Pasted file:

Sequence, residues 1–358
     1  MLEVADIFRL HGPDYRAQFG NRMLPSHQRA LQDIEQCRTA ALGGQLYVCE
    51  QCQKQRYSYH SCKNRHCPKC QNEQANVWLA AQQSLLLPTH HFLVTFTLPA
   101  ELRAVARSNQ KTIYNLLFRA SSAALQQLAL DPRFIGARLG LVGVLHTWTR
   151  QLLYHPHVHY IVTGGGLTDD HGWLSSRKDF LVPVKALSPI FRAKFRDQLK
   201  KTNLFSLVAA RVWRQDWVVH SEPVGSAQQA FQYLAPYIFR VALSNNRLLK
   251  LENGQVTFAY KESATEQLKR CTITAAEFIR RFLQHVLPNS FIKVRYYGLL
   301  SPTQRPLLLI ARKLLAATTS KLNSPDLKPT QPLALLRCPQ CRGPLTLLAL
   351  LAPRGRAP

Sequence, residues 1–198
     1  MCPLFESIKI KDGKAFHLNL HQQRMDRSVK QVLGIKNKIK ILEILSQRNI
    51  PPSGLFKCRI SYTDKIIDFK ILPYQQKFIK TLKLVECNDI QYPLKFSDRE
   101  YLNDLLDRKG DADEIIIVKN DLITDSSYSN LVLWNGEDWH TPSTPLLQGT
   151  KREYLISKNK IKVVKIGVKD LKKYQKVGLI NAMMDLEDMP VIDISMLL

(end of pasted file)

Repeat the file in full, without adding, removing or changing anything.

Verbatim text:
Sequence, residues 1–358
     1  MLEVADIFRL HGPDYRAQFG NRMLPSHQRA LQDIEQCRTA ALGGQLYVCE
    51  QCQKQRYSYH SCKNRHCPKC QNEQANVWLA AQQSLLLPTH HFLVTFTLPA
   101  ELRAVARSNQ KTIYNLLFRA SSAALQQLAL DPRFIGARLG LVGVLHTWTR
   151  QLLYHPHVHY IVTGGGLTDD HGWLSSRKDF LVPVKALSPI FRAKFRDQLK
   201  KTNLFSLVAA RVWRQDWVVH SEPVGSAQQA FQYLAPYIFR VALSNNRLLK
   251  LENGQVTFAY KESATEQLKR CTITAAEFIR RFLQHVLPNS FIKVRYYGLL
   301  SPTQRPLLLI ARKLLAATTS KLNSPDLKPT QPLALLRCPQ CRGPLTLLAL
   351  LAPRGRAP

Sequence, residues 1–198
     1  MCPLFESIKI KDGKAFHLNL HQQRMDRSVK QVLGIKNKIK ILEILSQRNI
    51  PPSGLFKCRI SYTDKIIDFK ILPYQQKFIK TLKLVECNDI QYPLKFSDRE
   101  YLNDLLDRKG DADEIIIVKN DLITDSSYSN LVLWNGEDWH TPSTPLLQGT
   151  KREYLISKNK IKVVKIGVKD LKKYQKVGLI NAMMDLEDMP VIDISMLL